nobodyspecial wrote: "If you think about it, any instrument that is considered "churchy" can be made to sound rocky. It's not necessarily what you use, but how you use it."
My feelings exactly.
Elton John and Billy Joel both play the piano. Does that mean that my church should get rid of our Steinway Concert Grand? Of course not.
The same principle applies to any other instrument.
This is a subject that seems to be constantly debated among baptist circles. I believe each individual church should decide the worship style that fits them.
In my humble opinion, I would love to see my church become more contemporary. I just don't think its going to happen. Alot of people want it, but I just don't see it any time in the near future.
If it was up to me I'd have guitar, bass, piano, drums and mandolines, etc. I enjoy playing worship music. I've always been contemporary in my musical style, but still very worshipful. If a church chooses not to use anything but an organ, then its their business. If a church uses more in a contemporary manner, then it is their business. I think we baptists need to spend less time telling people how to worship God and more time worshipping HIm ourselves.
It has to do with the way they are played, not with the drums themselves. And that is the issue with all musical instruments. It is not the instrument itself but rather the way that it is played that is at issue. Some churches object to certain instruments in corporate worship for wrong reasons. But this particular distinction you ask about (drums) has to do with the rhythm and how they are played.
It has to do with the way they are played, not with the drums themselves. And that is the issue with all musical instruments. It is not the instrument itself but rather the way that it is played that is at issue. Some churches object to certain instruments in corporate worship for wrong reasons. But this particular distinction you ask about (drums) has to do with the rhythm and how they are played. </font>[/QUOTE]Thanks Larry. That's the answer I was hoping somebody would give.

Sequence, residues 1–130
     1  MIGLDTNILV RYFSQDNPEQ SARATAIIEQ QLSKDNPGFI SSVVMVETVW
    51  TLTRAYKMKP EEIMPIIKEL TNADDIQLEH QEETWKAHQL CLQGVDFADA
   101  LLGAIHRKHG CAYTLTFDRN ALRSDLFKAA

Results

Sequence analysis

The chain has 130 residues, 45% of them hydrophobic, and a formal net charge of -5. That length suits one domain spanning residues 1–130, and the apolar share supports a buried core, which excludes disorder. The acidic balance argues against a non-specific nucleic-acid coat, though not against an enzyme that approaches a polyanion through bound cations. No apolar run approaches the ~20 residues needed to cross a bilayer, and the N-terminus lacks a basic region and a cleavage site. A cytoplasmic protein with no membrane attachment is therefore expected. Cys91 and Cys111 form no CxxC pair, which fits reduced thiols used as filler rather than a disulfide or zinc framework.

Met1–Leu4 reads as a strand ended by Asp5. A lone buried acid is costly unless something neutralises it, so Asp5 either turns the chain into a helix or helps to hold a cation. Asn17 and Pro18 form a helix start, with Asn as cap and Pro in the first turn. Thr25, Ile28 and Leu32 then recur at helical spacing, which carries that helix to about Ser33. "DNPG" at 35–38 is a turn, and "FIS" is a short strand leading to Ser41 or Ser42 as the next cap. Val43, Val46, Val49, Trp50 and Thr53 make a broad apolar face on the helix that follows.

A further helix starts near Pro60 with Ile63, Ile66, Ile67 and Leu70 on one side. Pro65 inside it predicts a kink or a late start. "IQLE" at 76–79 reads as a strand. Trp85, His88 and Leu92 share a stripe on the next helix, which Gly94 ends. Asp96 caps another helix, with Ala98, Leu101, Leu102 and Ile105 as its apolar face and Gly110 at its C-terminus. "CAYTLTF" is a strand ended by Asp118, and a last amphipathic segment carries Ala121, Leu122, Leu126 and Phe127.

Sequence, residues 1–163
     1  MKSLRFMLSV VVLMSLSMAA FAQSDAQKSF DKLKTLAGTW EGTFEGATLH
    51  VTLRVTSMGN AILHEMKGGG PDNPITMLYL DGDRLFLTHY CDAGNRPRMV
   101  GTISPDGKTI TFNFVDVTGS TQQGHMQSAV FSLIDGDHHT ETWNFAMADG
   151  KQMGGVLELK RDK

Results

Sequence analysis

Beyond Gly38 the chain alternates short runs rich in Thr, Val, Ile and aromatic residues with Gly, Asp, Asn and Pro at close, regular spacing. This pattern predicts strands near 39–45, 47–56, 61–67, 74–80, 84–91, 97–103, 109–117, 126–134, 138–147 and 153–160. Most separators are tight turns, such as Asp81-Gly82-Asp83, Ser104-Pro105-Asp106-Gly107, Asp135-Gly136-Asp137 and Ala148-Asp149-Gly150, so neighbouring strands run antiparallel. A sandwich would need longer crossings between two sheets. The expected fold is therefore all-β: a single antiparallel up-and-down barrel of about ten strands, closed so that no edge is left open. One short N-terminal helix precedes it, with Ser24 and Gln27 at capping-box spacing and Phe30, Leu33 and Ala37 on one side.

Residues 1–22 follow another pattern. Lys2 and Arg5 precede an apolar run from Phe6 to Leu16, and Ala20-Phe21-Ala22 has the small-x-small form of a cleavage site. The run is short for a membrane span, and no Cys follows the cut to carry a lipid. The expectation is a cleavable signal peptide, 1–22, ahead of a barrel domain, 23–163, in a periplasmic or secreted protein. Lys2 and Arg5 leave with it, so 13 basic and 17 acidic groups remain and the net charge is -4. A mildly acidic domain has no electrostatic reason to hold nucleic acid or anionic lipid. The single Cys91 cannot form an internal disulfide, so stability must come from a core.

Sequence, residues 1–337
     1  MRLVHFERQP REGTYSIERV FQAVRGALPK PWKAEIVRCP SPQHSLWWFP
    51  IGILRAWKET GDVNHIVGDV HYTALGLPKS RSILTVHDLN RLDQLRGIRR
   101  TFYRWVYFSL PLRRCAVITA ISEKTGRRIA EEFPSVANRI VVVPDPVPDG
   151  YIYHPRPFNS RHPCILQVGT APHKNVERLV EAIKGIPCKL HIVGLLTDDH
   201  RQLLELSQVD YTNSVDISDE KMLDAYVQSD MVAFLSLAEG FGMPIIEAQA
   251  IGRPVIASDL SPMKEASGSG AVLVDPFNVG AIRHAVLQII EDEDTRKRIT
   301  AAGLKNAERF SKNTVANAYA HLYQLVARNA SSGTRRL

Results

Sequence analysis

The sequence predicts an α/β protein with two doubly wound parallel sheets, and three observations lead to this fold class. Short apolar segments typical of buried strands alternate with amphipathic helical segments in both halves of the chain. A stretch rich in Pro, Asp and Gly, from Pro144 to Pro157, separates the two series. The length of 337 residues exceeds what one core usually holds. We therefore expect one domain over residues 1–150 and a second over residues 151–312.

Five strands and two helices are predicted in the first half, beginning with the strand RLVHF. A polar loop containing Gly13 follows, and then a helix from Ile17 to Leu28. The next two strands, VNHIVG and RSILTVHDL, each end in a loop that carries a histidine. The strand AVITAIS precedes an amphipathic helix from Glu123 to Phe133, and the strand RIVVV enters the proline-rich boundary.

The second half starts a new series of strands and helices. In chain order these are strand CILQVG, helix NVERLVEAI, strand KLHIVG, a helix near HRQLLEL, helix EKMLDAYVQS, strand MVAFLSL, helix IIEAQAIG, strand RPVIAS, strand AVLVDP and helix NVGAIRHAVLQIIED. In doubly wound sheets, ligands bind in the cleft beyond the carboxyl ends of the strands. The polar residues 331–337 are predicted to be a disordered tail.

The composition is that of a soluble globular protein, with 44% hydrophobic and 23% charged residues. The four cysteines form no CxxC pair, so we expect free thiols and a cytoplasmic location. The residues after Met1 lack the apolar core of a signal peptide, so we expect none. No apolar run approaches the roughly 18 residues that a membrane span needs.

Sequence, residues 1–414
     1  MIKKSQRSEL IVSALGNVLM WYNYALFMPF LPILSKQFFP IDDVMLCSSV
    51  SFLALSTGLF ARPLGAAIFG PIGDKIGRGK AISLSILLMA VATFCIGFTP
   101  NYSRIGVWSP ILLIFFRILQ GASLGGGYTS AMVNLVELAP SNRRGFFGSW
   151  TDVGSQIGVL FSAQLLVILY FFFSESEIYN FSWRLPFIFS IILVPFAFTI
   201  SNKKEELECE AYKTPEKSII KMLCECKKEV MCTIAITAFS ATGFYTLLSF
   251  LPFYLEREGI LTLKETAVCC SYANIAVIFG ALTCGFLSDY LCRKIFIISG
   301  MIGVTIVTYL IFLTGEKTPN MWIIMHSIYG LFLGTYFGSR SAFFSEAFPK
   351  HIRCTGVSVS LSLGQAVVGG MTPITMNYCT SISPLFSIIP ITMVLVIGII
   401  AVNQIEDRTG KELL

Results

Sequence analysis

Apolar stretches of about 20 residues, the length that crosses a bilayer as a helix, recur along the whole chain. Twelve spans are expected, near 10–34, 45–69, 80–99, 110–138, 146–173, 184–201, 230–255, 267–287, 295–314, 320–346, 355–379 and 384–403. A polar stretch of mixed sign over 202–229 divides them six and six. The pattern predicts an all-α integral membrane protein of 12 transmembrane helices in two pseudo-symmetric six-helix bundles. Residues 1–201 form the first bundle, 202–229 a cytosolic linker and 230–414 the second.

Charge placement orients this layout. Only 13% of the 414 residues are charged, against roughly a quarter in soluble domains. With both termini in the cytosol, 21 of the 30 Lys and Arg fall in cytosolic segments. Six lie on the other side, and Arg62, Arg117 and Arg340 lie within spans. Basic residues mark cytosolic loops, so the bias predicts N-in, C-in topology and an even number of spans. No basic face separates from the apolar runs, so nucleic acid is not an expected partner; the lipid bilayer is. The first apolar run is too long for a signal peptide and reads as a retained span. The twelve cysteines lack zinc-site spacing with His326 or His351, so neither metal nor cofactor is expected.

Brooks, if you plan on being in central Missouri anytime soon, bring your instrument and play with our musicians!
As was said above, it denends upon the individual congregation. There's no "one size fits all" answer.
As an opponent of legalism, I'm not against the use of ANY instrument in worshipping God with music. Personally, music is a very minor part of my worship; I have no musical talent and I couldn't care less if my church had no music at all.
GO AS THE HOLY SPIRIT LEADS YOU!
Psa 150:1 Praise ye the LORD. Praise God in his sanctuary: praise him in the firmament of his power.
Psa 150:2 Praise him for his mighty acts: praise him according to his excellent greatness.
Psa 150:3 Praise him with the sound of the trumpet: praise him with the psaltery and harp.
Psa 150:4 Praise him with the timbrel and dance: praise him with stringed instruments and organs.
Psa 150:5 Praise him upon the loud cymbals: praise him upon the high sounding cymbals.
Psa 150:6 Let every thing that hath breath praise the LORD. Praise ye the LORD.
Instruments are neutral. How you use them is either praiseworthy or not.